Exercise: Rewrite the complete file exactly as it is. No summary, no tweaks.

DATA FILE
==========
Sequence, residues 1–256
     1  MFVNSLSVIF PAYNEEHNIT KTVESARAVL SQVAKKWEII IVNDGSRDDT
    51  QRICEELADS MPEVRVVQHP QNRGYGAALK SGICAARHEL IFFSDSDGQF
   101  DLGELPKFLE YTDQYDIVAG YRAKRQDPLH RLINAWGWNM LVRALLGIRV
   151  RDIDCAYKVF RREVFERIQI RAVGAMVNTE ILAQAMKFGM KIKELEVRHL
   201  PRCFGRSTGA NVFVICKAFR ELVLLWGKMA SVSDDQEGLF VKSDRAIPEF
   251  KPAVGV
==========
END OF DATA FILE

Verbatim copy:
Sequence, residues 1–256
     1  MFVNSLSVIF PAYNEEHNIT KTVESARAVL SQVAKKWEII IVNDGSRDDT
    51  QRICEELADS MPEVRVVQHP QNRGYGAALK SGICAARHEL IFFSDSDGQF
   101  DLGELPKFLE YTDQYDIVAG YRAKRQDPLH RLINAWGWNM LVRALLGIRV
   151  RDIDCAYKVF RREVFERIQI RAVGAMVNTE ILAQAMKFGM KIKELEVRHL
   201  PRCFGRSTGA NVFVICKAFR ELVLLWGKMA SVSDDQEGLF VKSDRAIPEF
   251  KPAVGV